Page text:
• Farmer Green, in reply to andin,

    , faced it head on.

    Maybe the Saker is regarded as tin foil territory, but there do seem to be some battle- lines being drawn. But it could be fake news:-

    http://thesaker.is/fear-and-loathing-inside-the-deep-state/

    Lower North Island • Since Nov 2012 • 778 posts Report Reply

  • andin, in reply to Farmer Green,

    the Saker

    Your joking right?
    We need globalisation, but not based solely in trade, we need to become a global civilization if we are to survive longer than the next century. But and its a biggy each country has to get its own house in order first(thats a metaphor)
    And, I could be wrong but, what is being proposed there isnt it.

    raglan • Since Mar 2007 • 1890 posts Report Reply

  • Farmer Green, in reply to andin,

    get its own house in order

    What would that look like in Godzone , assuming we could do it?

    Lower North Island • Since Nov 2012 • 778 posts Report Reply

  • Ian Dalziel, in reply to Farmer Green,

    What would that look like in Godzone

    We could give a bivouac a bit of a whack...
    ;- )

    Christchurch • Since Dec 2006 • 7950 posts Report Reply

  • Farmer Green, in reply to andin,

    We need globalisation,

    I don’t know that I need that, so I’m looking for a steer on what you see a totally globalised Godzone would look like.

    Lower North Island • Since Nov 2012 • 778 posts Report Reply

  • andin, in reply to Farmer Green,

    Its not just about NZ, but probably 180' from what the world is like now. Its an impossible ask at present.

    raglan • Since Mar 2007 • 1890 posts Report Reply

  • Dennis Frank, in reply to andin,

    I agree. Democracy is discrediting itself by means of the results it's producing. With a meritocracy, competence determines the outcome. Since such a positive alternative has never been tried, it's reasonable to assume that lowest-common-denominator thinking prevails by default. I've heard that called `muddling through'. Perhaps the most positive gloss advocates can think of?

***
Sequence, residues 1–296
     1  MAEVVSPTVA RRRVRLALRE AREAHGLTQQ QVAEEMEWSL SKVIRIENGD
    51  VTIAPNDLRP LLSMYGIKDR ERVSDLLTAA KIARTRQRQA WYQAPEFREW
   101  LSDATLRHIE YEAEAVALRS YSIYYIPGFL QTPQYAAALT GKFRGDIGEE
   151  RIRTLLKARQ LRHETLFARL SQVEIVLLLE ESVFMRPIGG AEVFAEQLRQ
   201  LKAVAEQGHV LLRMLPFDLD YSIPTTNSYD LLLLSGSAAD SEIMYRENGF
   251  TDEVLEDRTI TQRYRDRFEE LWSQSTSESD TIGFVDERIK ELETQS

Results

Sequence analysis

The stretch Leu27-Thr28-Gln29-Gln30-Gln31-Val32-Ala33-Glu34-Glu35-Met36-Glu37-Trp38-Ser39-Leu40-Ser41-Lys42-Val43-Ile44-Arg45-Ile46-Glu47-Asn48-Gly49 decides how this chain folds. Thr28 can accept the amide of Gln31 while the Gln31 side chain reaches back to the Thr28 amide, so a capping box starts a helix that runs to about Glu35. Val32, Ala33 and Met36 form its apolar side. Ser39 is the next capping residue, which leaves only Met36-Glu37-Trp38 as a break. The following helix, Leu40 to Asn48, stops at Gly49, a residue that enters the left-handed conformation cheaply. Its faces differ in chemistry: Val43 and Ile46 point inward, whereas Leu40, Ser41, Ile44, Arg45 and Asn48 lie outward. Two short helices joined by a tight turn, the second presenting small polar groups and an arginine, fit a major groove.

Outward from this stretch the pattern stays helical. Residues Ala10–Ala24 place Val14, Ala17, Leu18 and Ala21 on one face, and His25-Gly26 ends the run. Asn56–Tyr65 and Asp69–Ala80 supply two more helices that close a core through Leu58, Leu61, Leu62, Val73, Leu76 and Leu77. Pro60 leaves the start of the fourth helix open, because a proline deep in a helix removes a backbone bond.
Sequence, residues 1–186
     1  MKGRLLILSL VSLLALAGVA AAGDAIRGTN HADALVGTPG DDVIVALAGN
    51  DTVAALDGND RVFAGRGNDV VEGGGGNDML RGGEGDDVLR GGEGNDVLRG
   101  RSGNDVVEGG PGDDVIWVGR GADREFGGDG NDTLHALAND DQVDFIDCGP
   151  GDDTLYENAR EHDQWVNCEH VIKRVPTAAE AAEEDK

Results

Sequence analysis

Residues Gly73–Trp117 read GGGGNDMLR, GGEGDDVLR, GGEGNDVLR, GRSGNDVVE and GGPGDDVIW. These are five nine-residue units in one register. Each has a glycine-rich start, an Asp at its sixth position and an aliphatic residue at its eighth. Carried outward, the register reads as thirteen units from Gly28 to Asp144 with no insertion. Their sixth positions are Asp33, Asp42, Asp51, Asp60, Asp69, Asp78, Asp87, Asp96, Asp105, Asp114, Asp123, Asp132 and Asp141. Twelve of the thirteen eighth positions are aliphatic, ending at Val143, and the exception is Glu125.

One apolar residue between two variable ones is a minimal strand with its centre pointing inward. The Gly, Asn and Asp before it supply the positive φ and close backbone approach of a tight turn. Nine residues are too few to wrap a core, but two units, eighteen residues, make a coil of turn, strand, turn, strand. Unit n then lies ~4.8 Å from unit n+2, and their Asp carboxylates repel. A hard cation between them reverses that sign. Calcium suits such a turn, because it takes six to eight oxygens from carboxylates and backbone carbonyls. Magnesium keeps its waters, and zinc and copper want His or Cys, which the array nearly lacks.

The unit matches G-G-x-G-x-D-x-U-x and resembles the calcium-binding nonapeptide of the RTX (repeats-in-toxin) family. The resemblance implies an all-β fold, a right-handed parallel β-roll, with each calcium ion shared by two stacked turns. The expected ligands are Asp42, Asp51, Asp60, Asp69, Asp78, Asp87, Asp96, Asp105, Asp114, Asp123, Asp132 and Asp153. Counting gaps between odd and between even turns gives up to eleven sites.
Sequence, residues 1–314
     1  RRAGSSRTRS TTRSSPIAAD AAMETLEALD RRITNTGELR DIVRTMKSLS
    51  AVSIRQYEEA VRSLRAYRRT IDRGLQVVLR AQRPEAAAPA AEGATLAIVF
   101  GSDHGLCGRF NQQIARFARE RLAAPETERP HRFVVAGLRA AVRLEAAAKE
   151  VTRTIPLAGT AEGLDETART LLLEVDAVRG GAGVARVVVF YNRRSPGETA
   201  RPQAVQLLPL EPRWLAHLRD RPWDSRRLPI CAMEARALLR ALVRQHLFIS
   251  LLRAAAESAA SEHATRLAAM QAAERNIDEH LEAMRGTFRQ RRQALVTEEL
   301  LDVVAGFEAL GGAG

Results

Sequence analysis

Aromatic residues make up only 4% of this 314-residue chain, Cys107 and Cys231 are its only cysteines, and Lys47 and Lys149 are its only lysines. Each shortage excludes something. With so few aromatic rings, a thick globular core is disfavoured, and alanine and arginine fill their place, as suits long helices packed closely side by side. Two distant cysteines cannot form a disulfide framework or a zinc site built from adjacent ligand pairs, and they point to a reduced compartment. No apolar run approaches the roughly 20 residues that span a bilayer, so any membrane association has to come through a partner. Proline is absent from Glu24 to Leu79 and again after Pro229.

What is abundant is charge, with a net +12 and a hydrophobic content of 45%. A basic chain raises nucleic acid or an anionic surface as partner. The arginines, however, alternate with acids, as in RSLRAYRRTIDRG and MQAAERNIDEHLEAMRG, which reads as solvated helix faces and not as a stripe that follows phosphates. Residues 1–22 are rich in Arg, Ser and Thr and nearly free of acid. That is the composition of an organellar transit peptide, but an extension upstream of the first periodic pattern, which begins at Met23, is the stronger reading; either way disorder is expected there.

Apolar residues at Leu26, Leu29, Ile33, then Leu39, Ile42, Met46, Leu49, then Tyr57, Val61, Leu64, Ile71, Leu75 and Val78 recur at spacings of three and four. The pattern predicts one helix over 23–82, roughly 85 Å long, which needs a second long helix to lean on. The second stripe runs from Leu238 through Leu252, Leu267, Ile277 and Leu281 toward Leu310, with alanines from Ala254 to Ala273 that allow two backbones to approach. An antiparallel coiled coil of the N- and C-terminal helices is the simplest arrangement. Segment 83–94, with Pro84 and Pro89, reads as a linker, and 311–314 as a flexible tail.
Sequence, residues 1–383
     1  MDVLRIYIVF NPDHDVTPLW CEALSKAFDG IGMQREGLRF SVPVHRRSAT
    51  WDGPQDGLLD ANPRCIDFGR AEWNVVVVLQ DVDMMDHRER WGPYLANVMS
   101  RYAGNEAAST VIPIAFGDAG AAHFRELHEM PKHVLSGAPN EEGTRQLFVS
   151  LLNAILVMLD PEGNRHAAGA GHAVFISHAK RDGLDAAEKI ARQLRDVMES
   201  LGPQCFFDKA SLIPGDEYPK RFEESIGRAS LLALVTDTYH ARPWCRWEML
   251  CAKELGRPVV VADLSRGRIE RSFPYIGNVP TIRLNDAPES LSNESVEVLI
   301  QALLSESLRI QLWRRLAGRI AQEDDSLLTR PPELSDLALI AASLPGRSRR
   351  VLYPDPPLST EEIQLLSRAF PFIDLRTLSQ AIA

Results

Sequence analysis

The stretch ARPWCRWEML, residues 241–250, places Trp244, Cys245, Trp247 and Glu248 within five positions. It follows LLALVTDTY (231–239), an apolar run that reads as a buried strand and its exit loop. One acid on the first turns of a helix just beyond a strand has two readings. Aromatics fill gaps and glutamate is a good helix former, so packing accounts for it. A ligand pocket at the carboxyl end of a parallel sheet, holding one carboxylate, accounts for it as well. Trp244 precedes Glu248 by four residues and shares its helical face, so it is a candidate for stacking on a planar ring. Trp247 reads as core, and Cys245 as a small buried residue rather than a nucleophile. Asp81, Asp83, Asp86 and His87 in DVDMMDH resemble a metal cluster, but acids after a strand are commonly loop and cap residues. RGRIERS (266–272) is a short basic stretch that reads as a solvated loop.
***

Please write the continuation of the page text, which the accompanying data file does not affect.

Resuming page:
How about voluntarism as primary social ethic? A system that provides a way for volunteers with confidence & expertise to volunteer for solution implementation roles. Know how, can do. A traditional kiwi social ethic proven successful for generations before some goddam corporate privatised it. Crowd-sourcing intelligence, then enabling it to achieve required results. Better than the usual left/right shambles, I reckon.

    People ought to wise up to why democracy failed in the classical era so spectacularly that nobody wanted to try it again for a couple of millennia. Younger generations need suitable innovative role models to give them hope for the future. Loomio shows how that can be done: social media designs that are solution-focused. The incentive-structure must be more than just money.

    New Zealand • Since Jun 2016 • 292 posts Report Reply

  • Farmer Green, in reply to Dennis Frank,

    A system that provides a way for volunteers with confidence & expertise to volunteer for solution implementation roles.

    That sounds a bit like sharemilking ; it has been a very successful Kiwi innovation that is envied in other agricultural communities where squire/serf was the modus operandi. Biologists might call it a mutualistic association.
    But the sharemilking system has been found wanting when a longer -term perspective was necessary for the sustainability of the farm community ; contracts are rarely longer than five years, and that tends to encourage short -term thinking.

    Lower North Island • Since Nov 2012 • 778 posts Report Reply

  • Farmer Green, in reply to Dennis Frank,

    The incentive-structure must be more than just money.

    Yes . My solution , when the shortcomings of sharemilking were apparent, was to then become a share milker to the sharemilker while still filling the farm-owner role. It was not a great solution but it did work until the contract ended.
    Then it was back to square one.

    Lower North Island • Since Nov 2012 • 778 posts Report Reply

  • andin, in reply to Farmer Green,

    money troubles? welcome to the club.
    Here’s a Reagan era song just to remind you of those “wonderful”, according to trump, times.

    raglan • Since Mar 2007 • 1890 posts Report Reply